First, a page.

- The Washington Times - Monday, November 7, 2016

Shadowed by scandal and hindered by her low-key campaign style, Hillary Clinton has made it easy at times to overlook the historic nature of her candidacy as the first female major-party nominee for president.

The email controversy that has dogged Mrs. Clinton for more than two years, combined with lingering criticism about her role in the Benghazi attack and the pay-for-access culture at the Clinton Foundation, have distracted from her campaign message and groundbreaking status. Her political baggage has highlighted divisions and underscored that women are not a monolithic voting bloc when it comes to the first potential female president.

“She doesn’t represent anything to me as a woman that’s good,” said Susan Smiley, a Republican state committeewoman in Massachusetts. “I really thought [the first female candidate] would be like rock-star status. There’s just no way I could even consider her.”

Other women say Mrs. Clinton has struck the right balance of promoting issues that women care about without making the campaign a litmus test on electing a female president.

“You have to run on your merits and let somebody else talk about the fact that you’re breaking new ground,” said Mandy Powers Norrell, a Democratic state representative from Lancaster, South Carolina. “When we hear her talk about health care or equal pay, I think she’s done a really good job of balancing the need to bring those forward but also not overplaying her hand.”

Polls in the final two weeks of the campaign show female voters favoring Mrs. Clinton anywhere from 10 to 17 percentage points over Republican nominee Donald Trump. The Republican has been leading among male voters by 2 to 5 points.

When Mrs. Clinton does call attention to her unique position as the first woman out of 116 top-tier presidential candidates dating back to 1789, she usually jokes about critics accusing her of playing “the woman card” on the campaign trail.

“If fighting for women’s health care and paid family leave and equal pay is playing the woman card, then deal me in,” she says.

Her campaign even began selling an official credit-card-sized “woman card” for $5 to raise money for her candidacy. Jane Wells Schooley of Bethlehem, Pennsylvania, carries the card.

“The fact is, women are the determining factor in a presidential election. They just are,” said Ms. Wells Schooley, a Democrat who owns a business training corporate leaders. “This is a powerful constituency, but for the right woman candidate. You would absolutely not be seeing this [level of support] for an ultraconservative woman running for president. This isn’t about the woman card and women being attracted because Hillary’s a woman. They’re voting for the right woman.”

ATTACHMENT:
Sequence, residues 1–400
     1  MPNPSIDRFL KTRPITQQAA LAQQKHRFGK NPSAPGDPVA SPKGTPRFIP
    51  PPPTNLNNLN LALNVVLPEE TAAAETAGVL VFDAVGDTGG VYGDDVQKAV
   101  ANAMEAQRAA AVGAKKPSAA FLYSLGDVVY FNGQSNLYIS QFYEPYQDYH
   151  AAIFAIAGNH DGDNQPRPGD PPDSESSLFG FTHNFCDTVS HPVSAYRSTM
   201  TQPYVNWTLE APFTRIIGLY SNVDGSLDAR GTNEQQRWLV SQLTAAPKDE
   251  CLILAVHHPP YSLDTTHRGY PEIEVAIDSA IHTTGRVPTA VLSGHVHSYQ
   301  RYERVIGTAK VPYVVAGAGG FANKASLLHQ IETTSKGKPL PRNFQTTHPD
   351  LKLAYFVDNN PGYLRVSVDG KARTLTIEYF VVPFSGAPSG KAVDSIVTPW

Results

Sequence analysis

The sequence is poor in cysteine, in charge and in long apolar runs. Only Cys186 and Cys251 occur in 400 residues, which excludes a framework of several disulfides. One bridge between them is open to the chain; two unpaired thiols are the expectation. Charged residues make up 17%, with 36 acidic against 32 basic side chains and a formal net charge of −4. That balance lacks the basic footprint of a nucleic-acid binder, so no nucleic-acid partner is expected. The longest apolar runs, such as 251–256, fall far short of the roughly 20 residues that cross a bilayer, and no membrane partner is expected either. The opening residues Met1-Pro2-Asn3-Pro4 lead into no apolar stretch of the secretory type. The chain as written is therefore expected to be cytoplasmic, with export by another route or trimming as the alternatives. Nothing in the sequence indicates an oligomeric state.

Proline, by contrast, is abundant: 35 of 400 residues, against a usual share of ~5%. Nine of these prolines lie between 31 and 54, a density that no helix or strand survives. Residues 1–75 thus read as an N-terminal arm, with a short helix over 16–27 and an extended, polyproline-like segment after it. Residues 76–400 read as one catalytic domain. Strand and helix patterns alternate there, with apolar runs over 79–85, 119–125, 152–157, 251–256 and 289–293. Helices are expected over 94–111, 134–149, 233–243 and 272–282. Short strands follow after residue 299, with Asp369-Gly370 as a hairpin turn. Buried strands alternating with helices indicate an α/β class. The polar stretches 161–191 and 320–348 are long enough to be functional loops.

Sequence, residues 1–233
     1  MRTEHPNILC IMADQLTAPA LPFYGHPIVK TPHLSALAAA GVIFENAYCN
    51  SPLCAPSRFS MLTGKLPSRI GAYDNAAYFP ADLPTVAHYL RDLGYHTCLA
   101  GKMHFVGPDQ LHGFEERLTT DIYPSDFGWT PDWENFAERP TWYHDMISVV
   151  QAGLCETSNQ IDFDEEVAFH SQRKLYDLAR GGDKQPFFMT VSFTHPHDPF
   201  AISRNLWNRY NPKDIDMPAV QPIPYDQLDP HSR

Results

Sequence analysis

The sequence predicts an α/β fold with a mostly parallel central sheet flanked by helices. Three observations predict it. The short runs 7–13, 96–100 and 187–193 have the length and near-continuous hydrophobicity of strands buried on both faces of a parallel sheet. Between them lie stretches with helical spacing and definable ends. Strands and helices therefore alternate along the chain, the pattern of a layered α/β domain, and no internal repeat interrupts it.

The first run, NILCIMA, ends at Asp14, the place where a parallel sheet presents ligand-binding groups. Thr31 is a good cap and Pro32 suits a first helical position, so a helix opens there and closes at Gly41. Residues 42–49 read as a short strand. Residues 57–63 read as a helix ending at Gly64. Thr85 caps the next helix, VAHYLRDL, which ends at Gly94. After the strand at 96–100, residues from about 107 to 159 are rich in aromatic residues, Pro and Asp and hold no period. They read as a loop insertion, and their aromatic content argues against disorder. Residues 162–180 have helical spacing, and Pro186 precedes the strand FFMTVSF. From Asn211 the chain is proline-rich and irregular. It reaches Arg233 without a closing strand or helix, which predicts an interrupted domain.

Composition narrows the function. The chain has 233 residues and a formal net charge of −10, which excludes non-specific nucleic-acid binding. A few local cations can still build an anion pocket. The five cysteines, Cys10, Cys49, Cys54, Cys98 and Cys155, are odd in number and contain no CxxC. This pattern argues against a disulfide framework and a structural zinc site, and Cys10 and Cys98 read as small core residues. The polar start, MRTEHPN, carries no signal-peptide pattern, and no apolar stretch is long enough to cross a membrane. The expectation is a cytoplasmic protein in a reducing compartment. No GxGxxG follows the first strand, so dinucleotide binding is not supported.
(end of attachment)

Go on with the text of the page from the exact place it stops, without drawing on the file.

Like Barack Obama’s bid eight years ago to become the nation’s first black president, Mrs. Clinton generally has left it to surrogates to address the significance of breaking the ultimate gender barrier in U.S. politics. One of her primary backups has been Mr. Obama himself.

At a rally in North Carolina last week, the president implored young voters and blacks to make history again.

“You can elect a leader who has spent her entire life trying to move this country forward; our first female president who will be an example for our daughters and our sons that everybody has a chance to contribute and serve,” Mr. Obama said at the University of North Carolina in Chapel Hill. “You have a chance to shape history. It’s not often when you can move the arc of history. Don’t let that chance slip away.”

Mr. Obama and first lady Michelle Obama have been the most vocal of the candidate’s surrogates, with the president in particular saying Mrs. Clinton is held to double standards of sexism. Several times this year, including at the Democratic National Convention, the president showed a fondness for borrowing film legend Fred Astaire’s quip about his famous dancing partner to describe Mrs. Clinton’s work ethic.

“She was doing everything I was doing except, like Ginger Rogers, she was doing it backwards, in heels,” Mr. Obama said of his former secretary of state.

The president has not used that line since, which suggests someone close to the candidate didn’t like it as much as he did — or perhaps the reference to the dancing duo from the 1930s was lost on the millennial voters whom Mrs. Clinton needs badly.

In the campaign’s final two weeks, Mr. Obama has been more blunt, asserting at rallies that Mrs. Clinton had to overcome sexist attitudes in the race.

Hillary Clinton is consistently treated differently than just about any other candidate I see out there,” Mr. Obama said in Columbus, Ohio. “I just want to say to the guys out there … there’s a reason we haven’t had a woman president before.”

Trying to appeal to millennials, Mr. Obama also has confronted complaints that Mrs. Clinton is boring and has been in the spotlight for too long.

“She’s not flashy,” the president said. “She’s not going around spending all her time giving big stemwinders. And as a consequence, sometimes she’s under-appreciated here at home.”

Mrs. Powers Norrell, a veteran of three campaigns for the South Carolina legislature, agrees with Mr. Obama’s assertion that female candidates face additional tests.